Steven Brower

Inventive Designers with U.S. Patents

According to the U.S. Trademark and Patent Office in 2012 alone, there were 542,815 applications for patents with 276,788 patents granted. Since 1790, there have been 7 million patents issued total, when Samuel Hopkins was awarded the first patent for a process of making potash, an ingredient used in fertilizer. That patent was signed...


Tightly Stitched Fashion for Women

Before they were even enfranchised, women were tightly stitched from hair to toe. Imprisoned in their own bodies, these were what passed for liberating fashions in 1893 — just 120 years ago.


The End of Cursive Handwriting?

Most states no longer include teaching cursive handwriting in their common core standards, which begs the question of whether the end of cursive is nearing?


Old School vs. New School

In an effort to pull students away from the confines of a screen, they were tasked to design a poster for a play by Shakespeare by hand and also by computer. These were critiqued in a side-by- side comparison of the two efforts.

Special Delivery: U.S. Postal Service Passes Legibility Test

I greeted last week’s announcement of the cessation of Saturday services for the United States Postal Service with mixed emotions. It would be altruistic of me to claim this was only due to concern for the myriad workers that would are being displaced, but that wouldn’t be entirely honest. Rather, there were selfish reasons...

Profiles of Inspiration

Last year, I got to visit one of my old haunts, the Norton Simon Museum in Pasadena, California, for the first time in over a dozen years. Since the permanent collection has changed little over the years, it was good to see old friends. Standing before one, I found a familiar visage that I...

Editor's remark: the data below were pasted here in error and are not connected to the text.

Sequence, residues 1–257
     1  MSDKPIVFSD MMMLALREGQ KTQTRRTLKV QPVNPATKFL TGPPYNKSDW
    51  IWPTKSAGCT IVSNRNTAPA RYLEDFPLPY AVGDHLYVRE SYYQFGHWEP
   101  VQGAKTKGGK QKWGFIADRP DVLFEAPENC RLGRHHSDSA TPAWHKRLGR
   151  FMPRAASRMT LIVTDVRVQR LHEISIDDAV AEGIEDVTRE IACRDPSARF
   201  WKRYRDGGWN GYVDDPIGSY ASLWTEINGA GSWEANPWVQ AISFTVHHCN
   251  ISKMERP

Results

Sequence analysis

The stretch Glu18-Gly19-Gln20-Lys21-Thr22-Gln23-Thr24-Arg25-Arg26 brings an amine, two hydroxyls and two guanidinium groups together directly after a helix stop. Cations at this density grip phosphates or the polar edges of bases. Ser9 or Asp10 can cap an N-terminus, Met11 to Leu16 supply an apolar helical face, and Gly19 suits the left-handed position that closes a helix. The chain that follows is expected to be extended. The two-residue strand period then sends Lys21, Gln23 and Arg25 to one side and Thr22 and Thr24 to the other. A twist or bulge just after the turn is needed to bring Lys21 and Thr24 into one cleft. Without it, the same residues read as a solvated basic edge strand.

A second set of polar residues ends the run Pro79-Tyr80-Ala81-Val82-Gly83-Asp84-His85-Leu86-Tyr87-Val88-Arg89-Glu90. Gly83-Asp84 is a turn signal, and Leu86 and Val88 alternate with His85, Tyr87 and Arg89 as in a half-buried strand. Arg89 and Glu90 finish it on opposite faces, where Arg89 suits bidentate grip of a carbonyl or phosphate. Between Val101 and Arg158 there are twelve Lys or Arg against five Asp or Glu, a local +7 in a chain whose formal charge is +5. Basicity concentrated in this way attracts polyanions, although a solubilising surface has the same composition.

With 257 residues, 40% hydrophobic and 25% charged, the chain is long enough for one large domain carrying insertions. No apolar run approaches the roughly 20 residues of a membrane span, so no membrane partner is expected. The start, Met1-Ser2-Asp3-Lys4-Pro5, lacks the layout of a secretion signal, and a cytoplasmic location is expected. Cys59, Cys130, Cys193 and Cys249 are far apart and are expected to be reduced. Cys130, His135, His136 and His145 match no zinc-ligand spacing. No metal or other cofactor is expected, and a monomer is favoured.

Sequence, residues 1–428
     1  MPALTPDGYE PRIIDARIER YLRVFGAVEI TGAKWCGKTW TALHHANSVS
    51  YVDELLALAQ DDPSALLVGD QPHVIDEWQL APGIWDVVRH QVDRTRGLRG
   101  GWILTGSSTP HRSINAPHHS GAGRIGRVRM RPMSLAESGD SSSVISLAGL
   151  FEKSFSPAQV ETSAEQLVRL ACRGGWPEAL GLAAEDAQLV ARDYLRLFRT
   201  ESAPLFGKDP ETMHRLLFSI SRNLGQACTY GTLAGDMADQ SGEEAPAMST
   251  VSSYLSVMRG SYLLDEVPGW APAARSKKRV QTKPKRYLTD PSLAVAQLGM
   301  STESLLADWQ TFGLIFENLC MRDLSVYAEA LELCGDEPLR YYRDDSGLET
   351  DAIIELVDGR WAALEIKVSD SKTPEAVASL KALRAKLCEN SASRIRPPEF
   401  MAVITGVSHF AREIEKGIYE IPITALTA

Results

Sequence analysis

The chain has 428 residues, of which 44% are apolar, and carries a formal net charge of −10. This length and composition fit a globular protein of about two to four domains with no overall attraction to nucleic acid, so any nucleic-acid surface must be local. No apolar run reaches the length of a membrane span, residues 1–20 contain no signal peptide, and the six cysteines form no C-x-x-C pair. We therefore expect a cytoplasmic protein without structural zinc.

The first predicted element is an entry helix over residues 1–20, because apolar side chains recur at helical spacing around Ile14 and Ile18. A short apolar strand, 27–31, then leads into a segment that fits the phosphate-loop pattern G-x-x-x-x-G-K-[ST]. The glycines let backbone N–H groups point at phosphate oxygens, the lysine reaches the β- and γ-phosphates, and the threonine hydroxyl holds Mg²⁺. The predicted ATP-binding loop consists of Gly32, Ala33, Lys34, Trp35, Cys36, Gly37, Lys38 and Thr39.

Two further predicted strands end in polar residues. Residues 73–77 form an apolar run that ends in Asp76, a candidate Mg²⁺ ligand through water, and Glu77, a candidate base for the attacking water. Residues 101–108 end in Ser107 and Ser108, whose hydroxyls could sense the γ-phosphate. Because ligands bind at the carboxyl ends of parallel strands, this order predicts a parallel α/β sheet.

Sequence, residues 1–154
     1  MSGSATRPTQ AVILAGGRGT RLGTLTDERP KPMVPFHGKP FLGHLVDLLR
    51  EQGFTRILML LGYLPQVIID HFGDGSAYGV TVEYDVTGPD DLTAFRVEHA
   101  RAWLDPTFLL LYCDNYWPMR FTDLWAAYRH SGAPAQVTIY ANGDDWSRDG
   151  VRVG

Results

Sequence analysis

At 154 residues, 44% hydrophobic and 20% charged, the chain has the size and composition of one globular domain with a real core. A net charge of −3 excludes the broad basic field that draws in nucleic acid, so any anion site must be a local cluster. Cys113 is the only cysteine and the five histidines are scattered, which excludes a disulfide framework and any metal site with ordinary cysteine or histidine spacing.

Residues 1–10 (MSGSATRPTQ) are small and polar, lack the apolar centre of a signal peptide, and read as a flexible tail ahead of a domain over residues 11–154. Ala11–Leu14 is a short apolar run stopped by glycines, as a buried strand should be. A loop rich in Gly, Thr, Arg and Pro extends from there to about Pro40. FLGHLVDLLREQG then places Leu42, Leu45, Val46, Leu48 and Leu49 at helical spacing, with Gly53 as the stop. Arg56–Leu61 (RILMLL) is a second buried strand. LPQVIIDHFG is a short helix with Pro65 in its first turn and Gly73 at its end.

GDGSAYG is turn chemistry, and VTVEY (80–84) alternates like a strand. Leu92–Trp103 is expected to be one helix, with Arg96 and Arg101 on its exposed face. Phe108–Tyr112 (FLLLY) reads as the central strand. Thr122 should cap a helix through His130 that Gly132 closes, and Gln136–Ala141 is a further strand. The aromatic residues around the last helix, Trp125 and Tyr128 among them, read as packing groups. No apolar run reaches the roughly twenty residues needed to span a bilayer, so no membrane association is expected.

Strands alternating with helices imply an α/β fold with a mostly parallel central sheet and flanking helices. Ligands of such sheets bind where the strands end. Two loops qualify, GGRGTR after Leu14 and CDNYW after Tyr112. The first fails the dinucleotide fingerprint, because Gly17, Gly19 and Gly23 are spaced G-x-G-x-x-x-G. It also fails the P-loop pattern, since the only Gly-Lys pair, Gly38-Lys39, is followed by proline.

The Lost Comics of Artist Jacob Landau

Last year I took my art appreciation class at Monmouth University to see an exhibit of work at the library there. On display were prints by the artist Jacob Landau; the university is the recipient of a large collection of his work. The art was very political, very graphic, and very 1960s à la...

Promises Made: The 1964-65 World’s Fair

For kids of my generation, 1964 was a seminal year. That February the Beatles appeared on the Ed Sullivan Show for three consecutive Sundays. And the following April, the World’s Fair opened in Flushing Meadow Park in Queens, New York. For an impressionable 12-year-old, both events held a promise for the future and impacted...

Farewell, Joe Kubert: An Interview with the Great Comic Book Artist

The influential comic book artist Joe Kubert died on August 12. Kubert was one of the pioneering golden-age artists that contributed to the comics art form right up to the present. Remarkably, he began his career when he was barely in his teens, when he inked his first story, for Archie (although his exact...

Joseph Schwartz Makes the Case for K-12 Design Education

Joseph Schwartz grew up in Old Bridge, New Jersey, and attended the School of Visual Arts. Since 2003, he has been teaching computer graphics and design at Spotswood High School in New Jersey. I first met him in 2008 at a design educator’s conference at Kutztown University, Pennsylvania, where I was the keynote speaker....